No American woman had won a medal in the steeplechase before Friday. Then, Emma Coburn and Courtney Frerichs won gold and silver.
Before Friday evening, no American woman had won a medal in the 3,000 meter steeplechase at the IAAF World Championships. Olympic bronze medalist Emma Coburn and fellow Olympian Courtney Frerichs changed that with a 1–2 finish to capture gold and silver in the world championship final at London's Olympic stadium.
Coburn lowered her American record and set a new world championship record with her 9:02.58 victory. Frerichs entered the world championships with a 9:19.09 personal best and lowered it to 9:03.77 to win her first-ever global championship medal. Kenya's Hyvin Kiyeng Jepkemoi took bronze in 9:04.03.
World record holder Ruth Jebet led the race for the first two kilometers, which saw Kenyan Beatrice Chepkoech accidentally skip a water barrier and then a fall that took down some other competitors. A pack of six runners including the two Americans broke away before Coburn took the lead in the final lap. She sealed her victory with a surge after the final water barrier. Jebet faded to fifth place.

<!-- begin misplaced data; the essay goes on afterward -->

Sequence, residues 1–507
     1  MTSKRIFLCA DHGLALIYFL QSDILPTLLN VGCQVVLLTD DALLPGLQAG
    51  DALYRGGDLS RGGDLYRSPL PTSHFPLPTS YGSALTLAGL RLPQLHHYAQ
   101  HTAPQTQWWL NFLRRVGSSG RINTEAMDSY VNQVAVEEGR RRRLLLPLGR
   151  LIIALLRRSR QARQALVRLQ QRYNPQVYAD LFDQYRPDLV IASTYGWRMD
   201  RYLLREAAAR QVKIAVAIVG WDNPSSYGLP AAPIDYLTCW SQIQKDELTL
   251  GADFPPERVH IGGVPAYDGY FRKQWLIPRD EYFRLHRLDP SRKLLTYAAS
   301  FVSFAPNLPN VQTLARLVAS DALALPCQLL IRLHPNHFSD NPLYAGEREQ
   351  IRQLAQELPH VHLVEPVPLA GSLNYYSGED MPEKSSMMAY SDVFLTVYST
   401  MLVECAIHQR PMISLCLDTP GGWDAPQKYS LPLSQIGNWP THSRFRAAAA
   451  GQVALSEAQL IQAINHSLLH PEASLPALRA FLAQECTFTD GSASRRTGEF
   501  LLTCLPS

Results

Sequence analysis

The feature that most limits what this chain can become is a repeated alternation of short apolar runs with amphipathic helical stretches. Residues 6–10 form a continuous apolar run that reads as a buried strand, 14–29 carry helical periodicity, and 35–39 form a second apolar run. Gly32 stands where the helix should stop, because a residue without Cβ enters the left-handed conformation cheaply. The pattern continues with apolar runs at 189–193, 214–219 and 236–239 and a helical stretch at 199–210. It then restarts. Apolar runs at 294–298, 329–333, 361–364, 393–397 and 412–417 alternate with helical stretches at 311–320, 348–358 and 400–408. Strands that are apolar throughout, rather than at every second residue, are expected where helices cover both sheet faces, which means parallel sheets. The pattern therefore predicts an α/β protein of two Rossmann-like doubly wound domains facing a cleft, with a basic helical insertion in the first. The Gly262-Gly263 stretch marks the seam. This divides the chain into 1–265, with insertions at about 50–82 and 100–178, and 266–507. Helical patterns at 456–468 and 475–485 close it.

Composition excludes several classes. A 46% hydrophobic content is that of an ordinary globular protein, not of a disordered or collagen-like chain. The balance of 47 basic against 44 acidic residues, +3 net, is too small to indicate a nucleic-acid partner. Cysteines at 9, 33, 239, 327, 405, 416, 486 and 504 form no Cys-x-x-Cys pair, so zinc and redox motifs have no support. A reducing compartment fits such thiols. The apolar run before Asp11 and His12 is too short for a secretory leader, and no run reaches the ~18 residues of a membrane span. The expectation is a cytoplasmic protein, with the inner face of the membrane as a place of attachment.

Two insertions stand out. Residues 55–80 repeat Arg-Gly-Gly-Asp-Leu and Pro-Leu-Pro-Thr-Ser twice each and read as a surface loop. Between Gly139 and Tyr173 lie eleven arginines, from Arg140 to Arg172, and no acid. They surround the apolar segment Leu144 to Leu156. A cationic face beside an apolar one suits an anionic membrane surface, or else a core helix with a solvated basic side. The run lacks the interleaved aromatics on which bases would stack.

"The last two years at the Olympics and world championships in 2015, my last water jump wasn't very powerful and that was something that I really needed to work on," Coburn told NBC after the race. "My fiancee and coach, Joe [Bosshard], was telling me be really powerful in that last water jump. So that's what I was thinking."
Watch Coburn's sister's reaction to the gold medal run below:
Frerichs is certainly one of the biggest surprises of the world championships. She just 24 years old, won an NCAA title in 2016 as a member of the New Mexico Lobos and the qualified for the Olympics, where she finished 11th in the final.
"My coach [Jerry Schumacher] had told me to just go for it," Frerichs said. "He told me that Emma races smart and that could get me in a good position to maybe crack the top five or six and hopefully get a good time. I felt very comfortable following her. I know her form is great. I knew she was going to execute an awesome race and there was just such an extreme level of comfort."
Kenyans won the previous two women's steeplechase world championship titles but would have to settle for bronze in 2017.
Stat of the year: America won more Steeplechase medals than Kenya at the 2017 World Championships. Incredible.— Evan Jager (@EvanJager) August 11, 2017
The United States surprise comes just three days after American record holder and Olympic silver medalist Evan Jager (who shares the same coaches as Frerichs) won a bronze in the men's steeplechase final. Kenya's Conseslus Kipruto won gold.